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Kenyan MPs in Britain to lobby against attempt to ban ‘miraa’ sale

By Moses Njagi | November 19th 2013


NAIROBI, KENYA: A high-powered parliamentary delegation will today meet a committee of the House of Commons in their bid to lobby Parliament to reject a move by the British Government to impose a ban on miraa or restrict its sale.

The delegation, which is being led by Meru Senator Kiraitu Murungi and which includes eleven other legislators, arrived in London at the weekend for the advocacy mission as the push against the British Government’s decision to restrict and regulate sale of the stimulant gains momentum.

The lobbying of the House of Commons to reject the proposal by Home Secretary Theresa May that the Government enacts a law to ban miraa  comes even as traders and farmers of the stimulant await direction from the High Court in London on a suit they have filed challenging the move.

Yesterday, Kiraitu revealed that their mission is to lobby for support of UK parliamentarians.

“We will be appearing before a committee of the House of Commons tomorrow (today) to lobby the support of the British Parliament. We want them to join us by way of rejecting the proposal made by their Home Secretary towards enacting a law to ban miraa,” revealed Kiraitu.

Kiraitu and the Chairperson of the National Assembly’s ad hoc Committee on miraa, Ms Florence Kajuju,  are among those who will testify in the suit challenging May’s decision.

The senator said they were now awaiting the fixing of a hearing date by the High Court.


In the suit filed by Queens Counsel Paul Garlick of Dass Solicitors, the traders term a decree by the Home Secretary to control sale and consumption of the stimulant in UK as irrational and lacking proportionality. The traders have told the High Court in the UK that the decision was taken without scientific evidence to prove miraa is a drug.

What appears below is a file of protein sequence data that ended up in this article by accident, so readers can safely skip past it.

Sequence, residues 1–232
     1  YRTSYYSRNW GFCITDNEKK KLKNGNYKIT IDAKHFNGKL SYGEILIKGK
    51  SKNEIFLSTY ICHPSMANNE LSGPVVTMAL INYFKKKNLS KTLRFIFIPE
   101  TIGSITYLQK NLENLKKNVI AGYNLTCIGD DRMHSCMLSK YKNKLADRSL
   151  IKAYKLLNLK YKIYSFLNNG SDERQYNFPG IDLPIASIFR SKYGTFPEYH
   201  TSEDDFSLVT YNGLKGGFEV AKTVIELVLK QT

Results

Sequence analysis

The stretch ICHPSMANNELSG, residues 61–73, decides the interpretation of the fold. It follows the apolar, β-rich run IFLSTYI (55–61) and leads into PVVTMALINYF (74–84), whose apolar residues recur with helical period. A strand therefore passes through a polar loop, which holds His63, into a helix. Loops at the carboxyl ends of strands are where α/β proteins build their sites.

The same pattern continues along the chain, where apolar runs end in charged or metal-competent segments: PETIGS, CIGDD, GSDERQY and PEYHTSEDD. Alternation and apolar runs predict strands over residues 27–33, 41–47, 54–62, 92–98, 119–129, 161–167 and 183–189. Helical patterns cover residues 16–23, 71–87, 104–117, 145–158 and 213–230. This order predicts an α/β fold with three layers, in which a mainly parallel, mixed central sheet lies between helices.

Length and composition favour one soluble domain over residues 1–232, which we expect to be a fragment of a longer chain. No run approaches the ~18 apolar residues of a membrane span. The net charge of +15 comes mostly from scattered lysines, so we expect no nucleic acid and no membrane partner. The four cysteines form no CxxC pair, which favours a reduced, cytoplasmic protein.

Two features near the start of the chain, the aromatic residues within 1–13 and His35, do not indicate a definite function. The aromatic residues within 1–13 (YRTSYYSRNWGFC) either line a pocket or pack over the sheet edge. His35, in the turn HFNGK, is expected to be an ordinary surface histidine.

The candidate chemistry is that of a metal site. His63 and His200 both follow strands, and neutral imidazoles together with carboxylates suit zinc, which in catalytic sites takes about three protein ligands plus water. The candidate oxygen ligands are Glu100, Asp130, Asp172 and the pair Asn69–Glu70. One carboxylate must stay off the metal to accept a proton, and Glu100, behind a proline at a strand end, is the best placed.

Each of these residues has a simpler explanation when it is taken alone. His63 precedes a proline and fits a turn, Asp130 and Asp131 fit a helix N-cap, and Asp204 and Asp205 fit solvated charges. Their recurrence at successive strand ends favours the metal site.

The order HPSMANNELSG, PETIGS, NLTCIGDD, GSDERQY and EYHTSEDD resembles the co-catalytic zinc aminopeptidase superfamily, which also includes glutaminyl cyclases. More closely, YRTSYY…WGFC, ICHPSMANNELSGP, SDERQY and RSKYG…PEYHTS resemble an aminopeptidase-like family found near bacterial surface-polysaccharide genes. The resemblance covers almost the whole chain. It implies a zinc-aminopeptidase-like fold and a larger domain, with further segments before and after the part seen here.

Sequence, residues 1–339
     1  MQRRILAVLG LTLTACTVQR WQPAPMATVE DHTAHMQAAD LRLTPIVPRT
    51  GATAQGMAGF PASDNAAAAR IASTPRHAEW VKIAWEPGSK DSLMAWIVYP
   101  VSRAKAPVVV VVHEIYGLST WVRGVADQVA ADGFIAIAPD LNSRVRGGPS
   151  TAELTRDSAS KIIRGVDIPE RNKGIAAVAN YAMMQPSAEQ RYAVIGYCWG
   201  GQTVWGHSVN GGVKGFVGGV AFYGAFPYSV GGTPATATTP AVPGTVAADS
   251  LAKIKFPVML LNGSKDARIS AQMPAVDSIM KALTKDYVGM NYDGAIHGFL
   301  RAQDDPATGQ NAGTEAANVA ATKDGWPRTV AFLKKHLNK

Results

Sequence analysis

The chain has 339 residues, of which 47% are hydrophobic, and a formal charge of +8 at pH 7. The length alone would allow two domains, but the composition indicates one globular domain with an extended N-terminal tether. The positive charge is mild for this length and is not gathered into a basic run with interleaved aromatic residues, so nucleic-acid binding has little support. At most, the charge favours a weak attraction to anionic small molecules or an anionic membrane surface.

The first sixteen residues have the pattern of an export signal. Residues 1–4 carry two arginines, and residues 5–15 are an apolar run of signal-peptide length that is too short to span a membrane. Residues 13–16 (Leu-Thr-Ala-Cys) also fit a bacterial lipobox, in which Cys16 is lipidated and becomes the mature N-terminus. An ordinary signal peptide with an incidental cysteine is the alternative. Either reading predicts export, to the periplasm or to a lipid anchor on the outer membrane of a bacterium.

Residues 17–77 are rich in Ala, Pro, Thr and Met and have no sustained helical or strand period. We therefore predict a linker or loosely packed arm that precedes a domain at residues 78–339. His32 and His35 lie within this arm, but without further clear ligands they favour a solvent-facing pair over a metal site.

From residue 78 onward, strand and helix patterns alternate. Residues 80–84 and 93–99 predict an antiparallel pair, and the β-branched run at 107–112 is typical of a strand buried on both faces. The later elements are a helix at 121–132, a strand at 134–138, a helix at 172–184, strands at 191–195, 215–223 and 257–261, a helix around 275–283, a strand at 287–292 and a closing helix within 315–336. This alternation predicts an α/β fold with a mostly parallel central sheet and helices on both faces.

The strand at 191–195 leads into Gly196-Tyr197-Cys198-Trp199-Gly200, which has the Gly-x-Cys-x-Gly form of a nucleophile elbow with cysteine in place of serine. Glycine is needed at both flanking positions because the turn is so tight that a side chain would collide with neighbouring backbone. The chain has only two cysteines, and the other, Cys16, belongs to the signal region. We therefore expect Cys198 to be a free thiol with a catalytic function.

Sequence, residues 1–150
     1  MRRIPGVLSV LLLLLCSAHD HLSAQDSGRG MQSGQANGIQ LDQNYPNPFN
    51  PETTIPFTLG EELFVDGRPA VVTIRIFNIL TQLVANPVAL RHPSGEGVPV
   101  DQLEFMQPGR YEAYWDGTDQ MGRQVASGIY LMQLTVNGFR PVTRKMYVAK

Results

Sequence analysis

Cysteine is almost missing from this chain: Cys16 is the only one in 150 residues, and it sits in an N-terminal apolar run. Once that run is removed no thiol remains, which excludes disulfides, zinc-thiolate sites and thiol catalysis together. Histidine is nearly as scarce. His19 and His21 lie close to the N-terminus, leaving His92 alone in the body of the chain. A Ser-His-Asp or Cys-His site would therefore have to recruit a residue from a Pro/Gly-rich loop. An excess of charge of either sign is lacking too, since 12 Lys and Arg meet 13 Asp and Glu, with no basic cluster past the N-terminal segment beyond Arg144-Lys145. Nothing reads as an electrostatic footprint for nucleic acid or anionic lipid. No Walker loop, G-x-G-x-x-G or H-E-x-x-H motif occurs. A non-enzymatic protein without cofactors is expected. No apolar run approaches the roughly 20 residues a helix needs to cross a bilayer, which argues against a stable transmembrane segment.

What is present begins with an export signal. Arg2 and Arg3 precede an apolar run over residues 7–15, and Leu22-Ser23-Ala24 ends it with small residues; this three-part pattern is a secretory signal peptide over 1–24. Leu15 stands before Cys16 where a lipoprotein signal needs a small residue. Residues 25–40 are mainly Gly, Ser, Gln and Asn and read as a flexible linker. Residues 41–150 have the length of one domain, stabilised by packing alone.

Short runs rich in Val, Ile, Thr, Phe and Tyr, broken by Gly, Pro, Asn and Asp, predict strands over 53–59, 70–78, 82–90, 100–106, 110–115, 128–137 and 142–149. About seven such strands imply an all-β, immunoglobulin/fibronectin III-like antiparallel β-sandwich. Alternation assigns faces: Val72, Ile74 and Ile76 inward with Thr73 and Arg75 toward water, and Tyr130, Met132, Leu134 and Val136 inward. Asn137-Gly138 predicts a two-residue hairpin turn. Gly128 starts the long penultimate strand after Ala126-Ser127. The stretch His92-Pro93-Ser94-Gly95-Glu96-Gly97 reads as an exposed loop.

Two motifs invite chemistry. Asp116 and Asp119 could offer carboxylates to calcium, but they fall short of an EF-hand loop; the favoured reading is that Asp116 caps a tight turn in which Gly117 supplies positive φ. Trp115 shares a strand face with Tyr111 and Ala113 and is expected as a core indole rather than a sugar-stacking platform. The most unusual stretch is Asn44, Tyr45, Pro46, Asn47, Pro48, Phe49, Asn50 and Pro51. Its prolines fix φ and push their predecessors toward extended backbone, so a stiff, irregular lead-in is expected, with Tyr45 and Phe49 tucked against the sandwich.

The case seeks to reverse the decision taken under the country’s Misuse of Drugs Act, on grounds that it is a class C drug.

But the farmers are accusing May of failing to take into account the expert scientific evidence contained in a report prepared for the government by the Advisory Council on the Misuse of Drugs, while making her decision.

In its report, the council had advised that miraa should not be controlled as their scientific research had not found the stimulant to have any adverse medical effects.

“She (May) failed to make consideration whether it is necessary and proportionate in the democratic society of the UK to prohibit the use of khat,” said the traders. They argue that the Home Secretary failed to consider the adverse effects that her decision would have on economies of foreign countries like Kenya who export the stimulant to the UK.

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